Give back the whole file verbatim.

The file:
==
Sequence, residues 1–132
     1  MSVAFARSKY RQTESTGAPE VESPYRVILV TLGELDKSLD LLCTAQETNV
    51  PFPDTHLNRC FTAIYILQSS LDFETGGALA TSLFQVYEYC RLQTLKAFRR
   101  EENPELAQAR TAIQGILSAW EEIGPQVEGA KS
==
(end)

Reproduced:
Sequence, residues 1–132
     1  MSVAFARSKY RQTESTGAPE VESPYRVILV TLGELDKSLD LLCTAQETNV
    51  PFPDTHLNRC FTAIYILQSS LDFETGGALA TSLFQVYEYC RLQTLKAFRR
   101  EENPELAQAR TAIQGILSAW EEIGPQVEGA KS